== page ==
"The screened accounts of asset managers are up significantly," Ellman said. "I think this reflects greater institutional demand for socially responsible investments among high net worth individuals, universities, foundations, and religious institutions; a wide range of investors who want investments that speak more clearly to their concerns about environmental sustainability and social responsibility."

Core SRI strategies, which consist of both positive and negative screening of companies, comprised $36.2 billion of sustainable assets invested by asset managers. The remaining $10.1 billion reflect the integration of such broad strategies as ESG integration, shareowner engagement, and proxy voting.

Retail investment, especially in the form of renewable energy income trusts, was up significantly in 2010 as well, Ellman observed. "There were three drivers. One was tax considerations. They receive favorable tax treatment until 2011, so we'll see what happens then. A lot of them are converting from trusts to corporations."

"Another driver is the price of oil. As the price of oil goes up, the demand for renewables goes up," he continued. "And there have been some important policy changes that have provided incentives for renewable energy growth. The Ontario Clean Energy Act provides a fee and tariff program for renewable power producers, and we expect that the regulatory environment will continue to favor renewables."

Other areas of sustainable investment studied by SIO include impact investing and clean tech, both of which were found to increase by 2010, according to the study. Impact investing, which was identified for the first time in the 2010 report, represented $4.45 billion of the sustainable investment total.

"Examples of impact investing include community investing," the report stated, "Or financing that is provided to businesses with a social purpose or enterprising (i.e. revenue-generating) nonprofits."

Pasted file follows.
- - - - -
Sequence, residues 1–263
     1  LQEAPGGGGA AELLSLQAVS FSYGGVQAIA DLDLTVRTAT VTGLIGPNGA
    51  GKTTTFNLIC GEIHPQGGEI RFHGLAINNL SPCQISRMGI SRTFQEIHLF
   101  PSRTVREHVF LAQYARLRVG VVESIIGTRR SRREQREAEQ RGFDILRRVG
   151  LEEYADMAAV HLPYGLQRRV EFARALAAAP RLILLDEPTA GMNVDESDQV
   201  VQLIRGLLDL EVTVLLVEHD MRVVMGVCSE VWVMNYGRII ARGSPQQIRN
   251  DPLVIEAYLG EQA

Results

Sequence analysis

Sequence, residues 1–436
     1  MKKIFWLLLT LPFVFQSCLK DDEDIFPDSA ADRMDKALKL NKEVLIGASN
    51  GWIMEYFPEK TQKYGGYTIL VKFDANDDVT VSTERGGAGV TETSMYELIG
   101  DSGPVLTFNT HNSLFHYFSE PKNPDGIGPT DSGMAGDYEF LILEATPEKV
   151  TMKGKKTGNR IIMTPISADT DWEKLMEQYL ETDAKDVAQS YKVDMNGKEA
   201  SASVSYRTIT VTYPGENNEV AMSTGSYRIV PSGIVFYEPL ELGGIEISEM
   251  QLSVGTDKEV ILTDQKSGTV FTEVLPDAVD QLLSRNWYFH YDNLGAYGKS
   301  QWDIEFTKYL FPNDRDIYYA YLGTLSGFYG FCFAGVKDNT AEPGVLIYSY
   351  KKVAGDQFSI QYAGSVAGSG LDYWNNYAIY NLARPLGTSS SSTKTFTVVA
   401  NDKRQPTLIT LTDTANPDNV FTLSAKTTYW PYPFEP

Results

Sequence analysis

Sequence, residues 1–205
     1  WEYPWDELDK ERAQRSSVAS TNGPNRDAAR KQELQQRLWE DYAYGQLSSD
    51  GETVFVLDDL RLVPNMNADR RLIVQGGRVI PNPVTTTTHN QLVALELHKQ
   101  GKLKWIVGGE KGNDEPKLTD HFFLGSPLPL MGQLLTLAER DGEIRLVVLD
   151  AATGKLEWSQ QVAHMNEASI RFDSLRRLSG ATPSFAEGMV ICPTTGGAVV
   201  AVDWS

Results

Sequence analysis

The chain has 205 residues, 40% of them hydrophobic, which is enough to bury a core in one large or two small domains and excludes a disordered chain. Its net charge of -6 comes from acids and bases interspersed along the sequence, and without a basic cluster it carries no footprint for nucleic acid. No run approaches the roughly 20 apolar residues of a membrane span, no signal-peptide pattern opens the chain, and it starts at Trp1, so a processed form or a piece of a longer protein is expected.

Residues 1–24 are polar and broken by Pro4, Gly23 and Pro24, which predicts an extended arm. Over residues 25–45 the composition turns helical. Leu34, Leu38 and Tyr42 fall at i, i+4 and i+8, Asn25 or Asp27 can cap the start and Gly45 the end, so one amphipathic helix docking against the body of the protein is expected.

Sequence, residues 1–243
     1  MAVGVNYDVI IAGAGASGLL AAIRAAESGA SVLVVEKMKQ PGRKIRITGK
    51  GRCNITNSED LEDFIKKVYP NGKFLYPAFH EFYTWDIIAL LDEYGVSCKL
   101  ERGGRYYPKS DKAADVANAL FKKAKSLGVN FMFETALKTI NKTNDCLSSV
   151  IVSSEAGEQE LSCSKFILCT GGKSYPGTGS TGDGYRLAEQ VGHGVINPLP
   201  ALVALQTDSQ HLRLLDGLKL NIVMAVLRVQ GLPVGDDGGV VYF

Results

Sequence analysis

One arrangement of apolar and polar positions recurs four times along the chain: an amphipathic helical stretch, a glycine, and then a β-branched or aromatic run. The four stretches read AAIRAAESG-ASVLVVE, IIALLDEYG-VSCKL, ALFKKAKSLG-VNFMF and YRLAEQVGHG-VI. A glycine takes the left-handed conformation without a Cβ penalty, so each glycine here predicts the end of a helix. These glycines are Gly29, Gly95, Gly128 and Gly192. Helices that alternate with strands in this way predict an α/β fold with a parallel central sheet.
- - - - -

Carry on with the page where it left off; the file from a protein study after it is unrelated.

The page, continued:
Citing the
Cleantech Group, SIO describes clean technology as "a diverse range of products, services, and processes, all intended to provide superior performance at lower costs, while greatly reducing or eliminating negative ecological impact, at the same time as improving the productive and responsible use of natural resources." In 2010, clean tech investment grew slightly, from $1.1 billion to $1.4 billion.

"Clean tech is a small part of the overall picture, but it's growing quickly and will become a bigger part of SRI in the future," Ellman said.

One way in which SIO's report differs from the
2010 Trends Report published by the Social Investment Forum (SIF) last November is that the latter calculated the amount of sustainable assets dedicated to shareowner engagement. In its report, SIF found that more than 200 institutions and investment management firms, with $1.5 trillion in assets, had submitted proposals.

Asked about the state of shareowner engagement in Canada, Ellman said, "Shareholder engagement in Canada is very active. All of our major members are involved in shareholder campaigns on campaigns like operations in oil sands, executive compensation, environmental reporting, and human rights issues."

There is rising support for such shareowner proposals in Canada, Ellman said.